1861-1865

1. There was cheering from thousands of throats as the Seventh Regiment of the New York National Guard marched down Broadway beneath waving flags. Amid the shouting and the blowing of trumpets could be faintly heard the snapping of the American Peace Society's backbone as it protested that it did not "lend the slightest countenance to rebellion."

2. The West Point Foundry at Cold Spring, New York, gave up such peaceful manufacturing as machinery for the Jersey City waterworks, and turned to the production of twenty-five guns and seven thousand projectiles a week.

3. stocks in general rose an average of forty per cent in 1862. Brokers set up, shops by the hundreds. The stock of one coal company rose from ten dollars a share before the war to two hundred dollars in 1864 and in a single year paid dividends amounting to two-thirds of its capital. The frenzy was so great that the New York Stock Exchange did not offer sufficient scope to speculators, and in 1862 a man named Gallagher opened a night exchange in the basement of the Fifth Avenue Hotel. So prosperous was this stock-gambling venture that in 1865 a separate building was erected to house it. Then, a few months later when the Ketchum scandal broke, the regular Stock Exchange voted unanimously to suspend any member who attended Gallagher's, and the
Weekly rejoiced at the death of the pestilent institution which "led directly to so many defalcations, frauds, failures, forgeries, and other rascalities."

4. The draft riots in New York in July, 1863, were a formidable symptom of industrial unrest. Congress had recently passed a Conscription Act to swell the army's ranks, and when the first drawing was made on July 11th a number of Irish-American longshoremen were drafted. All might have gone peacefully but for the fact that these longshoremen had struck for higher wages, and their places had been taken by negro strike-breakers. Naturally unwilling to fight for the freedom of a race whose members had taken their jobs, they were in dangerous mood. A mob attacked the conscription office, and violence spread. Soon a gin-soaked mob was burning buildings, hanging negroes from lamp-posts, shooting and beating people to death, and looting stores. Police and militia were powerless. Nearly a thousand people were killed, and the damage to property was counted in millions of dollars.

5. But business still flourished, in spite of such disorders. The government was handing out contracts for uniforms, guns, food, and ships. At W.H. Webb's famous New York shipyard men were at work on naval vessels, and naval contracts were as prosperous as others. A captured blockade-runner, for instance, was sold at auction by the government for $12,000 per month. To be sure, thousands of lives were being lost in this war, but thousands of dollars were dropping into patriotic pockets.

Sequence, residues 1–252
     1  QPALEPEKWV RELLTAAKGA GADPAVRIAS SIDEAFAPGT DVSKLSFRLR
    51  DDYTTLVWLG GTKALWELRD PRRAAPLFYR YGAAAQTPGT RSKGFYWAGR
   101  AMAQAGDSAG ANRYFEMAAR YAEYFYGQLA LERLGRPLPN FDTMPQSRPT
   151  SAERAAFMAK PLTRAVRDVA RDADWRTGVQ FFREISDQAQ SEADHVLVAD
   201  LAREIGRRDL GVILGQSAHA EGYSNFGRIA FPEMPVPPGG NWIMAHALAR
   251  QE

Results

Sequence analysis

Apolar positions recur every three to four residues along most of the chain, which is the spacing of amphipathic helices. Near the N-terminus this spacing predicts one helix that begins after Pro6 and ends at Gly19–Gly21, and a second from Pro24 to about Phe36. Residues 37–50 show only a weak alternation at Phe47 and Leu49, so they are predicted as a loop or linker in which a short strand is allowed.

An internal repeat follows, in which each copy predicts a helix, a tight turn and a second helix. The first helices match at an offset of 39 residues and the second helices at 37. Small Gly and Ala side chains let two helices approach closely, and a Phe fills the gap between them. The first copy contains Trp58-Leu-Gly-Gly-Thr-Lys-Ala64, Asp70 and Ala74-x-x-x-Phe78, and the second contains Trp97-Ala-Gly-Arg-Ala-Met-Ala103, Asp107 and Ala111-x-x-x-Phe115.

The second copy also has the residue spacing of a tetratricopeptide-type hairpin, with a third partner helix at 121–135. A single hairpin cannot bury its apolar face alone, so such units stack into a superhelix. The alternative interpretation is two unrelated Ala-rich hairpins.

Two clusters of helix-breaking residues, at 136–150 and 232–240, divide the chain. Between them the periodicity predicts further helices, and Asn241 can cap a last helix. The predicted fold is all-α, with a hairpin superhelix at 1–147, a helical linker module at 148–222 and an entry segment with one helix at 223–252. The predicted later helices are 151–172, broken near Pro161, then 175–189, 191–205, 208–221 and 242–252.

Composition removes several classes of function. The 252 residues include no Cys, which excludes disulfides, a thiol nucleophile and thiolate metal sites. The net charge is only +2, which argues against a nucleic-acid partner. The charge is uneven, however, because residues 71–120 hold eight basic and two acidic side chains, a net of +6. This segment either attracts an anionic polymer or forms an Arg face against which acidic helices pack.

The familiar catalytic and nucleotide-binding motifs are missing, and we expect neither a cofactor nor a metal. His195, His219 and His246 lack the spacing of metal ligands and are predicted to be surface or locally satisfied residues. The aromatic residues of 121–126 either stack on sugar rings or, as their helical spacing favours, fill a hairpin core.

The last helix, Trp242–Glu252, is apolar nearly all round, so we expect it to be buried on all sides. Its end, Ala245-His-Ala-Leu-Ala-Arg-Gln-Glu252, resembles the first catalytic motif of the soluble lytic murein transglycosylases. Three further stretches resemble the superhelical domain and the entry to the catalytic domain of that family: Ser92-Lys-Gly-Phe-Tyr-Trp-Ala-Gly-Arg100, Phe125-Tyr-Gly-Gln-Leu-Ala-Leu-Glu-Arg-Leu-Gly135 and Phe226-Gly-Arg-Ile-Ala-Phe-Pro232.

1866-1880s

1. Commodore Vanderbilt's New York Central System was going so well by 1871 that it joined with the New Haven road to build the Grand Central Depot at 42nd Street and 4th (now Park) Avenue. It was a monument to Vanderbilt's genius for business organization and a symbol of the wealth which scoundrels like Jay Gould and Daniel Drew used to bribe the legislatures and build their rail
empires.

2. Rapid transit was a necessity in the expanding city, and on July 3, 1868, the first elevated railroad train sped along at fifteen m.p.h. from New York's Battery up Greenwich Street to Cortlandt. Within a few years two elevated lines were under construction on either side of the city.

3. As early as 1869 work was begun on a subway in New York, and by 1870 there was an underground tube from Warren to Murray Street, through which a cylindrical car was alternately blown and sucked by a stead-powered blower. For two years adventurous citizens took demonstration rides for twenty-five cents, but the inventor failed to get a franchise and the idea of a subway was
abandoned until the twentieth century.

4. This two-million-dollar marble palace was built in 1869 for A.T. Stewart, the great New York merchant, whose retail store had been patronized by Mrs. Lincoln and whose wholesale establishment was unrivaled in the land. Twelve years earlier Dr. Townsend's mansion had attracted gaping visitors to this same plot on Fifth Avenue. "New York is a series of experiments," commented the Weekly, "and everything which has lived its life and played its part is held to be dead, and is buried, and over it grows a new world." But Stewart's house, "if not swallowed up by an earthquake, will stand as long as the city remains." There is a great bank
building on the corner now, and across the street is the Empire State building. Even Stewart's palace played its part and was buried, though there was no earthquake.